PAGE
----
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Image by Jane Mingay.

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Image by Jane Mingay.

Her latest project ‘Portrait of Billie’ follows Billie Bickley, someone famous for being ‘a homeless heroin addict since the age of 14′. Her chaotic and harrowing life story has been followed by the media since she was 18 when she caught the eye of Princess Diana as she visited Centrepoint.

Jane explains that “Since then, Billie’s life story has been played out in front of her. With this role to play as well as the role she inhabits to survive life on the streets, who is the real Billie and where do the lines between fact and fiction blur? With an unsentimental approach, this film allows Billie to act out her creations and shocking revelations on centre stage.”

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Image by Jane Mingay.

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Image by Jane Mingay.

Read more about MA Documentary Film.

Read more about Jane.

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LCC alumni stage events for London Design Festival 2014

London Design Festival 2014

London College of Communication may have its own ’160′ trio of design exhibitions as part of London Design Festival 2014, but our alumni have been busy too.

We’ve rounded up some of the most exciting alumni work designed for this year’s festival – have you caught any of these shows?

Susanna Foppoli

‘The Formal Beauty of Type’ runs until 16 November

Designer and PGDip Design for Visual Communication graduate Susanna Foppoli presents ‘The Formal Beauty of Type’ at The Book Club, Shoreditch, open now until Sunday 16 November.

This solo exhibition comprises a series of abstract typographic compositions which uses a restricted colour palette of black, white and red.

The work was originally designed as part of an academic study of the formal qualities and personalities of selected typefaces across typographic history, and the show celebrates both the aesthetic power and structural detail of these letterforms.

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‘The Rooftop Line’ recorded life on Camden High Street in real time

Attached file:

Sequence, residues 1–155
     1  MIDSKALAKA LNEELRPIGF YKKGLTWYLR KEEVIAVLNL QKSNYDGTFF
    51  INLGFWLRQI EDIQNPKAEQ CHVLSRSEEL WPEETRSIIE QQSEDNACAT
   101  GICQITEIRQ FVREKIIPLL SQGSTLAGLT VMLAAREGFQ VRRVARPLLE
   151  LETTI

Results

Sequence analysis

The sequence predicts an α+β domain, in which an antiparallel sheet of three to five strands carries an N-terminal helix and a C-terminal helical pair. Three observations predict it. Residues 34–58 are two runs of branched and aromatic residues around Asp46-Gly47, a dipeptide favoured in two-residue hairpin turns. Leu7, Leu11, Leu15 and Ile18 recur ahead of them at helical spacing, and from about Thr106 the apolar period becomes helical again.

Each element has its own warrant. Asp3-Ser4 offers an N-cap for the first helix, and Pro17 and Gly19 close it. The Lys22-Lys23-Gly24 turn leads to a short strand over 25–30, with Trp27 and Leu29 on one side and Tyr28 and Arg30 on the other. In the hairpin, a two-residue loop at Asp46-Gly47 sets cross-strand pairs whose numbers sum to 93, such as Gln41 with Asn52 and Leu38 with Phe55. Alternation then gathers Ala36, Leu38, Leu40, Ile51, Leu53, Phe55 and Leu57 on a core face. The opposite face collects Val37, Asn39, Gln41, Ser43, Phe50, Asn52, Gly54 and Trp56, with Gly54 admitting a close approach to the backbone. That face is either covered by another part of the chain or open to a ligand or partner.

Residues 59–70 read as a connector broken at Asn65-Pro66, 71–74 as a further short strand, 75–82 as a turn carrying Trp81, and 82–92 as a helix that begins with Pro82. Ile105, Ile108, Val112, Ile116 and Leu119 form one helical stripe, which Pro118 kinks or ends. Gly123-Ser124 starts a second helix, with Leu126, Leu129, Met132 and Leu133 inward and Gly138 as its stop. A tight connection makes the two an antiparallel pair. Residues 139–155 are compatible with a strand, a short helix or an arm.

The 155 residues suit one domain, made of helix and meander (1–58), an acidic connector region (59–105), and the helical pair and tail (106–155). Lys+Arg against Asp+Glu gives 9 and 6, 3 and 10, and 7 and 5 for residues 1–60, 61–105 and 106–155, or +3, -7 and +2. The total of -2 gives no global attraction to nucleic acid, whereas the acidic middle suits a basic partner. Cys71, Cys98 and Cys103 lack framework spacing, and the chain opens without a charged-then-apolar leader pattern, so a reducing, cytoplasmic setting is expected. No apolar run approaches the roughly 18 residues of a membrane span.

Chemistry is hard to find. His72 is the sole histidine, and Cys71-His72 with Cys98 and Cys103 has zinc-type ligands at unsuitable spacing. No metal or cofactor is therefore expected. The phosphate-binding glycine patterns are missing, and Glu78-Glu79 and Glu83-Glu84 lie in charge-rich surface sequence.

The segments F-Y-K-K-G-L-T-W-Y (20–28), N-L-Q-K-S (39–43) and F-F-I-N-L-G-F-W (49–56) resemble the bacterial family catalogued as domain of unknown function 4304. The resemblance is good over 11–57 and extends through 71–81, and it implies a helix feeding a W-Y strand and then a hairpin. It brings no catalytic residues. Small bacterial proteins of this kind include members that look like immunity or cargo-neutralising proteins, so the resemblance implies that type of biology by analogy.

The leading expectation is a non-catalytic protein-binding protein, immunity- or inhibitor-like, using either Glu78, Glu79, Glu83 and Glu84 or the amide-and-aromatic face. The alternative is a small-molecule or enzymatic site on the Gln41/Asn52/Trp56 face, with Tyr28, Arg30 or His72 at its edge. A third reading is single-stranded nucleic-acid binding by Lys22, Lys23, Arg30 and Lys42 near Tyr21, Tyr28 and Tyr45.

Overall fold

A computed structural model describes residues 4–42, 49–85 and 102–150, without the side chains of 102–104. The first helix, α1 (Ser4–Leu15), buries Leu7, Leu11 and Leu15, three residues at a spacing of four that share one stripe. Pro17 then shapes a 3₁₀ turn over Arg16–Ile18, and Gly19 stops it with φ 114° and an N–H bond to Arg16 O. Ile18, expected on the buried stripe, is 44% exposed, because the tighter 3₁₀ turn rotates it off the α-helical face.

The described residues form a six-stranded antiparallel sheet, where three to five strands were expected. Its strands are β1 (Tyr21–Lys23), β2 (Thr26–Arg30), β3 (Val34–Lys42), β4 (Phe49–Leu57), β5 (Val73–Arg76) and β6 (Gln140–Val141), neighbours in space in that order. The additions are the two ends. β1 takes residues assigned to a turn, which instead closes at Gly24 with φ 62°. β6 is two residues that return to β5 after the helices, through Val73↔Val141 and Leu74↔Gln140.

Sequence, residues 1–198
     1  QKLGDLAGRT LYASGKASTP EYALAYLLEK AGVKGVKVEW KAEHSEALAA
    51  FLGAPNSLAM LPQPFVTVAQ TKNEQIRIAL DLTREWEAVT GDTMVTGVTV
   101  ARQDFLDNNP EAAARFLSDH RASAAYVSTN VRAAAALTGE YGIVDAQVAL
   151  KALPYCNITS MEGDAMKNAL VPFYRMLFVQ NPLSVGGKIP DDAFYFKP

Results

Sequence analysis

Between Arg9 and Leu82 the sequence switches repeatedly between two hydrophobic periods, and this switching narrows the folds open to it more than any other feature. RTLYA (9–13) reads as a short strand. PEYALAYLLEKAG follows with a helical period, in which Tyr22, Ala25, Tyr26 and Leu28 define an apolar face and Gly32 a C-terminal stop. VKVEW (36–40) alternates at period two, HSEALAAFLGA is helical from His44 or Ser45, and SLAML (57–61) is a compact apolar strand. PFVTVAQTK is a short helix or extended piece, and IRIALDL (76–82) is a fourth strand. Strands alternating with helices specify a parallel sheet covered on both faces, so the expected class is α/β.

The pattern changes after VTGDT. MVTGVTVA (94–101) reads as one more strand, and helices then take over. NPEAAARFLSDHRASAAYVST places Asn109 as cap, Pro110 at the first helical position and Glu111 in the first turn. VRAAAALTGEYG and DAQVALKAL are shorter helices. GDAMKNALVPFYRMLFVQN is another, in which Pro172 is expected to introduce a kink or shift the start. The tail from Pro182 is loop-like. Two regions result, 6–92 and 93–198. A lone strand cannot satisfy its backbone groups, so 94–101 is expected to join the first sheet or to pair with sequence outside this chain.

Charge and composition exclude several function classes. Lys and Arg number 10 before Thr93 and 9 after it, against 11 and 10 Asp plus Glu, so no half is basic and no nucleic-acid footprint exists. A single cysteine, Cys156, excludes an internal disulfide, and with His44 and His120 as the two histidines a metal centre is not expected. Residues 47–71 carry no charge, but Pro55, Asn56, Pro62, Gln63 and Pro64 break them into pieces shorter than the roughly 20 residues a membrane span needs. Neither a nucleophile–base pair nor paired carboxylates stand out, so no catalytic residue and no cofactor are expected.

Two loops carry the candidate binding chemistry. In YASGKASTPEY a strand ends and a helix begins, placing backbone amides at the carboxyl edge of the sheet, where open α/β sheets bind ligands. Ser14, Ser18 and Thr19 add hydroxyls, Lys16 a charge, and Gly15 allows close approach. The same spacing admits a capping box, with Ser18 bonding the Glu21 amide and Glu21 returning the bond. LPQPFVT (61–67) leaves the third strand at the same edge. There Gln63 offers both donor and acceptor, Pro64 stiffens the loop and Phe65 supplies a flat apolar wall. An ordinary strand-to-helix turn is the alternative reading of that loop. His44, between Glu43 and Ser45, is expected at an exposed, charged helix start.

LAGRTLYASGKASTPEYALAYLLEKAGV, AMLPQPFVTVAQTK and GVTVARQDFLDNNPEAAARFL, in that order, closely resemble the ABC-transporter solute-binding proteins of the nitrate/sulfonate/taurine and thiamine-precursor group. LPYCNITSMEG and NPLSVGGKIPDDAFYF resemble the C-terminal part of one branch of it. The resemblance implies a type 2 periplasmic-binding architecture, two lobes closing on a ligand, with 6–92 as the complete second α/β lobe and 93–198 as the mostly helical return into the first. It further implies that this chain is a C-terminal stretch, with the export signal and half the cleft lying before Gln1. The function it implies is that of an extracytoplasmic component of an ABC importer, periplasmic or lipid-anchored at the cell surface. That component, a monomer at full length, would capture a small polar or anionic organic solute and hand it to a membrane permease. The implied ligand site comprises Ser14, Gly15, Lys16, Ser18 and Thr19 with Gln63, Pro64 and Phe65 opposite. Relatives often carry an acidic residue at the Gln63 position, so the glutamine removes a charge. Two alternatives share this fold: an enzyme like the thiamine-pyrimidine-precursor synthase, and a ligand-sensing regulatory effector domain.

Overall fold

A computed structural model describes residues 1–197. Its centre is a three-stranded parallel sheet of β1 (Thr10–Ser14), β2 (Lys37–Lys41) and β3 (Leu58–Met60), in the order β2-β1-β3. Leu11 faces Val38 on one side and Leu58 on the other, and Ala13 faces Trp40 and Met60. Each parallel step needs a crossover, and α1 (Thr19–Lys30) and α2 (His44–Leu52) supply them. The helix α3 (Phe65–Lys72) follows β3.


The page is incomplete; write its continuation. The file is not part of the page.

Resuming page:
BA (Hons) Design for Interaction and Moving Image alumni Romain Meunier and Tsvetelina Tomova looked to the skies with their installation ‘The Rooftop Line’ as part of Camden Collective.

One of five projects selected from over 100 proposals, ‘The Rooftop Line’ took inspiration from New York’s High Line and Camden Town station and saw Romain and Tsvetelina setting a model train fitted with a webcam in motion around a Camden rooftop.

The webcam ran throughout the day with footage streamed online and to an exhibition space at 26 Camden High Street. The project was designed to inject creativity and playfulness into some of London’s more unloved or neglected urban spaces.

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Designers Eley Kishimoto created ‘Flash’ outside Brixton tube station

Elsewhere, MA Design Management graduate Natasha Montgomery was coordinating multiple events during LDF as the co-founder and curator of Brixton Design Week.

Highlights included a Change Brixton by Design workshop, bringing together designers, public organisations and individuals to share ideas and good practice around design, the Brixi Army group exhibition and the Brixton Pound New Independents party.

The pavement outside Brixton tube station was also transformed with graffiti installation ‘Flash’ by Brixton-based fashion and design company Eley Kishimoto.

Congratulations to everyone on their fantastic LDF creations, and here’s to 2015!

Read more about our ’160′ exhibitions for London Design Festival

Read about alumnus Daniel Chehade’s curation of ‘Alan Kitching and Monotype’ at LCC

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LCC Postgraduate Diploma Photography Portfolio Development graduate wins Joan Wakelin Bursary

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El Plan: On Thin Air, Manuela Henao, 2014.

Manuela Henao, a recent LCC Postgraduate Diploma Photography Portfolio Development graduate, has just been awarded the Joan Wakelin Bursary in association with the Royal Photographic Society and the Guardian.